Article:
Senators Propose 12-CPG Federal Gas Tax Increase
Bipartisan proposal would prop up Highway Trust Fund, index tax to inflation
Published in CSP Daily News
WASHINGTON -- As the Highway Trust Fund threatens to go bankrupt this summer, two senators have proposed their own fix--a 12-cents-per-gallon (CPG) bump in the federal fuel tax.
The legislation proposed by senators Chris Murphy (D-Conn.) and Bob Corker (R-Tenn.) would:
- Increase federal gasoline and diesel taxes by 12 cents per gallon, beginning in 2015 with an increase of 6 CPG, and then another 6-CPG increase in 2016. The senators contend the additional revenues would offset current MAP-21 spending levels for the next decade and would replace all of the federal tax's lost buying power since Congress last raised it in 1993.
- Index the gas tax to inflation using the Consumer Price Index (CPI).
- To help offset the revenue raised from increasing the gas tax and its burden on consumers and businesses, the senators proposed looking for other forms of tax relief, such as permanently extending some tax provisions with bipartisan support in the "tax extenders" bill. They estimate this could supply $190 billion in permanent tax relief during the next decade.
"For too long, Congress has shied away from taking serious action to update our country's aging infrastructure," said Murphy. "We're currently facing a transportation crisis that will only get worse if we don't take bold action to fund the Highway Trust Fund. By modestly raising the federal gas tax, we can address a crippling economic liability for this country--the inability to finance long-term improvements to our crumbling national infrastructure.
"Congress should be embarrassed that it has played chicken with the Highway Trust Fund and allowed it to become one of the largest budgeting failures in the federal government," said Corker. "If Americans feel that having modern roads and bridges is important, then Congress should have the courage to pay for it."
The bipartisan proposal has already been endorsed by AAA president and CEO Bob Darbelnet, who described it as a "commonsense and fiscally responsible plan to improve roads, bridges and transit systems nationwide." He noted its recent survey of consumers, in which 52% said they would be willing to pay higher fuel taxes if it led to improved roads, bridges and mass transit. It described the federal fuel tax as "the most efficient and fair method available" to fund transportation maintenance and improvements.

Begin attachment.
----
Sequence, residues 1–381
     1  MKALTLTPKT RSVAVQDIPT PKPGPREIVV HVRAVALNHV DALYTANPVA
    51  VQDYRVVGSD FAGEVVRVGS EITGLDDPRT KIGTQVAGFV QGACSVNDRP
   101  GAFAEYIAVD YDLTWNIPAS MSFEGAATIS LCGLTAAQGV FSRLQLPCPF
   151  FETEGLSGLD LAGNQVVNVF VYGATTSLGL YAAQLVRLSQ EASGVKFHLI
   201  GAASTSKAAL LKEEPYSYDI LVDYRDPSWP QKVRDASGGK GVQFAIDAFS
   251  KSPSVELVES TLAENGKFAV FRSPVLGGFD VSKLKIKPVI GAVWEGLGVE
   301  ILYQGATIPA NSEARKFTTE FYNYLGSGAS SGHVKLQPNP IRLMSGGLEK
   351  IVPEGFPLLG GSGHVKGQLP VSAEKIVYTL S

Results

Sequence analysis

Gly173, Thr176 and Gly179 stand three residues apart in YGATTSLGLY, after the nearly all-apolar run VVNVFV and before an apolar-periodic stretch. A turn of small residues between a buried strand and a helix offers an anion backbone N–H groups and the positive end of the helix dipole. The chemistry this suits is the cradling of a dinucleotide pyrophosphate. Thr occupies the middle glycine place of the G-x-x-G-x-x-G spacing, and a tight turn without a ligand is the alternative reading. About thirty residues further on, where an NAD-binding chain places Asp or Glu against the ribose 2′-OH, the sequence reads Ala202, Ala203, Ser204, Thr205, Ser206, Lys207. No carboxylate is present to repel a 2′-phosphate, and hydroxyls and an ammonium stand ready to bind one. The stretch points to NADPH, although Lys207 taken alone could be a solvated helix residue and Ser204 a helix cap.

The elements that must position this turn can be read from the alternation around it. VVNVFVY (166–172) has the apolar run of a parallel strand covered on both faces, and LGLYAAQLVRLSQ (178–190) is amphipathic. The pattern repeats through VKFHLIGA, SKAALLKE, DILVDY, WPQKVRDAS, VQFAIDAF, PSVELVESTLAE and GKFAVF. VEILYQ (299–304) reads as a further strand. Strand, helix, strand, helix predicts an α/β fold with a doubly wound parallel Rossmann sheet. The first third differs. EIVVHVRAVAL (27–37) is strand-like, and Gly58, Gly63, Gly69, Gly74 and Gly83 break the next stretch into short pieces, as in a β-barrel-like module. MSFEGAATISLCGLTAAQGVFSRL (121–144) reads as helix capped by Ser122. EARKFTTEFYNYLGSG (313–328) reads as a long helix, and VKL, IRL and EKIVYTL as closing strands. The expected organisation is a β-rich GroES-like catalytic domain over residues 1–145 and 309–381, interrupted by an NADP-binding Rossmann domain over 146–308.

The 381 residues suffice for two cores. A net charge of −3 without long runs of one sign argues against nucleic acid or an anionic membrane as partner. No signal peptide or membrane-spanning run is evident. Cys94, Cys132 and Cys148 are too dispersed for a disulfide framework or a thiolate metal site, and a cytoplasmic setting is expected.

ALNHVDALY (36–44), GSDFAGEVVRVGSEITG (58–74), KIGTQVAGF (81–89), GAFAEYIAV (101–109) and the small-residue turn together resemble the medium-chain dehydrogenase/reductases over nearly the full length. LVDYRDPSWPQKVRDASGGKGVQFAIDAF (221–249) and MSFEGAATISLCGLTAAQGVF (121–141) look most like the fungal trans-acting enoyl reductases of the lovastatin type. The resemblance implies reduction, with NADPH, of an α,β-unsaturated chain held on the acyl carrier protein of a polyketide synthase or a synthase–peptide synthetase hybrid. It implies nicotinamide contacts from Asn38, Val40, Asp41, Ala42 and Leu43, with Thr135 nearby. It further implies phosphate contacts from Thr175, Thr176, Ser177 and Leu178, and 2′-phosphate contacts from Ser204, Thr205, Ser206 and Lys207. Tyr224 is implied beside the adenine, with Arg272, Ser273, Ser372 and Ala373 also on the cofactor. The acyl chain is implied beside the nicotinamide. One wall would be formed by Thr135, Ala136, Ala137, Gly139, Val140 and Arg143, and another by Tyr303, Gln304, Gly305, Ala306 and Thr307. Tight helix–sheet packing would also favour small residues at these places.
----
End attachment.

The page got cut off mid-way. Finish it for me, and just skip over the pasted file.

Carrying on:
"We commend Senators Chris Murphy and Bob Corker for introducing legislation that will increase money for infrastructure through the most fair and efficient means possible," said Lisa Mullings, president and CEO of the National Association of Truck Stop Operators (NATSO). "Raising the fuel tax is long overdue, and this is the right solution for both motorists and businesses."
NATSO has long held that raising the fuel tax is the best option for generating critical transportation revenues.
Other groups in support of the plan include Transportation for America, a bipartisan alliance of political, business and civic leaders, and the Associated General Contractors of America. The Alliance for Toll-Free Interstates, which opposes the opening of tolling on federal interstates to address the Highway Trust Fund problems, praised the proposal for not relying on tolling but stopped short of endorsing it.
And Patrick D. Jones, the executive director of the International Bridge, Tunnel & Turnpike Association, representing owners and operators of toll facilities and the businesses, described the proposal as "gutsy," praising the decision to chain the gas tax to inflation, but said the plan did not address the long-term financial issues of the trust fund. Instead, the IBTTA endorses the Obama administration's proposal to eliminate the prohibition of tolling on existing interstates.
The Highway Trust Fund currently is funded by an 18 cents-a-gallon tax on gasoline and a 24 cents-a-gallon tax on diesel. The federal fuel tax was last increased in 1993. Over the past two decades, inflation has eroded the buying power of the 18.4 cents federal fuel tax to just 11 cents.